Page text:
Happiness in the Dual Society of Urban China:
Hukou Identity, Horizontal Inequality and Heterogeneous Reference

Shiqing Jiang
Ming Lu
Hiroshi Sato

Janurary 2009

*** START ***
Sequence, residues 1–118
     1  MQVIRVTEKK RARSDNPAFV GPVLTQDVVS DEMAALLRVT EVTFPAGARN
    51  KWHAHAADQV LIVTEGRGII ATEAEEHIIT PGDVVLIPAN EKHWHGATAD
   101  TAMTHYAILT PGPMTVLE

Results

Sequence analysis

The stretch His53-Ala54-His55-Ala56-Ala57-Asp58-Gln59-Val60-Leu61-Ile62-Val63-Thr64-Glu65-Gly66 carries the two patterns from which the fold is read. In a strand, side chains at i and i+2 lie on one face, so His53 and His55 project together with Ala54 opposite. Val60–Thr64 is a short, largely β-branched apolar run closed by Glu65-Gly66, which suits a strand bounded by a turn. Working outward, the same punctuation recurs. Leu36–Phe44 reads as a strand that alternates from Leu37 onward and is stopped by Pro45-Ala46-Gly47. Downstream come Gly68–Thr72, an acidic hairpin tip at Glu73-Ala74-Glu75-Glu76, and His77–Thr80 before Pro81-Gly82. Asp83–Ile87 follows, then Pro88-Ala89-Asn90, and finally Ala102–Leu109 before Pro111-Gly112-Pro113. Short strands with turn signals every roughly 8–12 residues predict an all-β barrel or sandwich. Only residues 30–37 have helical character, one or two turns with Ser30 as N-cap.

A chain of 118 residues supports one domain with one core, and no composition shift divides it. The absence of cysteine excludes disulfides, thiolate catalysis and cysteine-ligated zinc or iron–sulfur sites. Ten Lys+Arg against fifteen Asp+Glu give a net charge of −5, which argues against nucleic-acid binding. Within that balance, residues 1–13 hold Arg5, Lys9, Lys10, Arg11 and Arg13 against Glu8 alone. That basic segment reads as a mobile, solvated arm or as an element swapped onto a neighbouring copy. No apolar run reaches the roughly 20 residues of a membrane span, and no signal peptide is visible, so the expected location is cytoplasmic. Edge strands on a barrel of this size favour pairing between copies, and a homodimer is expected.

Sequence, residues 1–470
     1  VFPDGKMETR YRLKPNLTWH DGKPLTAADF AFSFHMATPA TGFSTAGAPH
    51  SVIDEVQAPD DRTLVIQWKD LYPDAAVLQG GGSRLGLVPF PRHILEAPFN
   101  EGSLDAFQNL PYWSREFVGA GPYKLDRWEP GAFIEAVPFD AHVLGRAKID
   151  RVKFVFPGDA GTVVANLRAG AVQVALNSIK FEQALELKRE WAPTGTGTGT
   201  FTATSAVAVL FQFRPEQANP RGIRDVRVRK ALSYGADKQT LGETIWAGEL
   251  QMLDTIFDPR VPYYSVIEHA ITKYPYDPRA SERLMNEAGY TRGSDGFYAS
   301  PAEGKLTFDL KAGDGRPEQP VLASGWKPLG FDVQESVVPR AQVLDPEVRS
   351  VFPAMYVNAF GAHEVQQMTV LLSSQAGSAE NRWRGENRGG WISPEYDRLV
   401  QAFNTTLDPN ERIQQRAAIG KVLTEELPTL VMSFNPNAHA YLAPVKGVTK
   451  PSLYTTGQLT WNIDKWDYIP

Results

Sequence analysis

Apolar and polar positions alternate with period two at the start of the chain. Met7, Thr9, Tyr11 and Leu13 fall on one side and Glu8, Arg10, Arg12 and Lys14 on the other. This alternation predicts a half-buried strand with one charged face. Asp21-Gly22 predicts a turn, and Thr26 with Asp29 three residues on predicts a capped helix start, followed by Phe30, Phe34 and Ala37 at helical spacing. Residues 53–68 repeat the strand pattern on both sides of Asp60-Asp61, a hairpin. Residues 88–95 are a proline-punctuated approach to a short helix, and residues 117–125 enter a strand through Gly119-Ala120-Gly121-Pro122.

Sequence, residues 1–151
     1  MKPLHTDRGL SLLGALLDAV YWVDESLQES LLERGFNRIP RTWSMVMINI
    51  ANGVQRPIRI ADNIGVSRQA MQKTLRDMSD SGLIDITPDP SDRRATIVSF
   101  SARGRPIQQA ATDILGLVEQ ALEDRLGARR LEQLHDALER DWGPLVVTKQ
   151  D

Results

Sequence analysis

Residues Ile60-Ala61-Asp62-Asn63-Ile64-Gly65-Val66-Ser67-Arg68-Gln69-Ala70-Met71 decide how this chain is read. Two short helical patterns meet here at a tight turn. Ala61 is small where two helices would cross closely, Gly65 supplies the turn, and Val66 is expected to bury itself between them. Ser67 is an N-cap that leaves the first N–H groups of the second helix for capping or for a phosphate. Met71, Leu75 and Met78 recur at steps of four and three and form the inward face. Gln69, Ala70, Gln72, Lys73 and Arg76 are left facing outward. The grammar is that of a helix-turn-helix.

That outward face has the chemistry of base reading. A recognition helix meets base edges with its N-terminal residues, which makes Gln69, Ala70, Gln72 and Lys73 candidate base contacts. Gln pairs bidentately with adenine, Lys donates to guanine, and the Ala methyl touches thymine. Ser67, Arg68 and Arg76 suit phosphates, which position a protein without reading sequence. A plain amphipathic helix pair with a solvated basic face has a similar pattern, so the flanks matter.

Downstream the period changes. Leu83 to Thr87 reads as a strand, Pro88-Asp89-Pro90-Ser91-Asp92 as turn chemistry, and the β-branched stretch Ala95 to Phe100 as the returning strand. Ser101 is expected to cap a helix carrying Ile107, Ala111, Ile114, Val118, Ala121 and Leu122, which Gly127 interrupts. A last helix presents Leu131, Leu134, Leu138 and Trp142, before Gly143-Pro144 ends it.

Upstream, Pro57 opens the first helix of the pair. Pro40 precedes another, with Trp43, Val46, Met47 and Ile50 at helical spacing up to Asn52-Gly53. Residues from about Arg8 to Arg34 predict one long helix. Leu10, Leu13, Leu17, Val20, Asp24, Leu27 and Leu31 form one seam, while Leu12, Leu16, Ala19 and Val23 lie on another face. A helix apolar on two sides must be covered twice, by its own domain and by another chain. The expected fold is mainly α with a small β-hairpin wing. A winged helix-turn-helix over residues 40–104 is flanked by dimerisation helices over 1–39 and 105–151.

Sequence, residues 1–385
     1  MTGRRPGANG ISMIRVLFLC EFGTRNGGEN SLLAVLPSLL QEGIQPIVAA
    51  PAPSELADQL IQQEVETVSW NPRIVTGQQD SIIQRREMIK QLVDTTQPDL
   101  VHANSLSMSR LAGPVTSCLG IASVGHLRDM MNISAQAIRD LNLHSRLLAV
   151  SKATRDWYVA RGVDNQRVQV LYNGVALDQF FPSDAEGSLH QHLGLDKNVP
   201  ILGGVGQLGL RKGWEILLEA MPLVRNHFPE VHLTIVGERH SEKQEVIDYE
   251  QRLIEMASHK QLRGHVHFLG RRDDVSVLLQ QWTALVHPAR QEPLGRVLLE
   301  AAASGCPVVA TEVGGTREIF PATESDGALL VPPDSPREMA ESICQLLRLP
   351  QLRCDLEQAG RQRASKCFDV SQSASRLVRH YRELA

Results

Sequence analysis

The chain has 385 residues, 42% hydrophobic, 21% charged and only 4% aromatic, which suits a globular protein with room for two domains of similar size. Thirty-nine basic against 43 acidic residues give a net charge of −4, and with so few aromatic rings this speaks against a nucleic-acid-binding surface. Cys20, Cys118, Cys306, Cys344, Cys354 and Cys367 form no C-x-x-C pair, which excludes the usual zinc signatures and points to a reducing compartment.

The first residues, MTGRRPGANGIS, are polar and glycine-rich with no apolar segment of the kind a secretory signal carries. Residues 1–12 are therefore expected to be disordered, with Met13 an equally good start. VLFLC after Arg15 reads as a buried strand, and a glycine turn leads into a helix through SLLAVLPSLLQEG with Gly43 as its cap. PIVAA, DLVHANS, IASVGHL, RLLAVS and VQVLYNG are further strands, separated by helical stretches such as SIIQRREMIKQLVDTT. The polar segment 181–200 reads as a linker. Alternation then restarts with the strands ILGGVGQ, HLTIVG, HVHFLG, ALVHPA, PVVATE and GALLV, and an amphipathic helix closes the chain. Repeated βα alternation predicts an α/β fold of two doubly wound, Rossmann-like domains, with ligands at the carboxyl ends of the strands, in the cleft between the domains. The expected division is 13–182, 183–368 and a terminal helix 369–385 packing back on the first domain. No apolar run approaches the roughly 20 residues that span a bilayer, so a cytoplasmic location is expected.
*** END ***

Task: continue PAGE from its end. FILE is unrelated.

This paper studies the impact of income inequality on the subjective well-being of different social groups in urban China. We classify urban social groups according to their hukou status: rural migrants, “born” urban residents, and “acquired” urban residents who once changed their hukou identity from rural to urban. We focus on how the horizontal inequality—income disparity between migrants and urban residents—affects individual happiness. The main results are as follows. First, migrants suffer from unhappiness when the horizontal inequality increases, but urban residents show a much smaller aversion to the horizontal inequality. Second, migrants will not be happier if their relative incomes within their migrant group increase, while urban residents do become happier when their incomes increase within their group’s income distribution. Third, “acquired” urban residents have traits of both migrants and “born” urban residents. They have an aversion to the horizontal inequality like migrants, and they also favor higher relative income among urban residents. Fourth, “born” urban residents have lower happiness scores when they are old. People who are Communist Party members strongly dislike the horizontal inequality. Our findings suggest that migrants, “acquired” urban residents, elderly people and Party members from “born” urban residents are the potential proponents of social integration policies in urban China.

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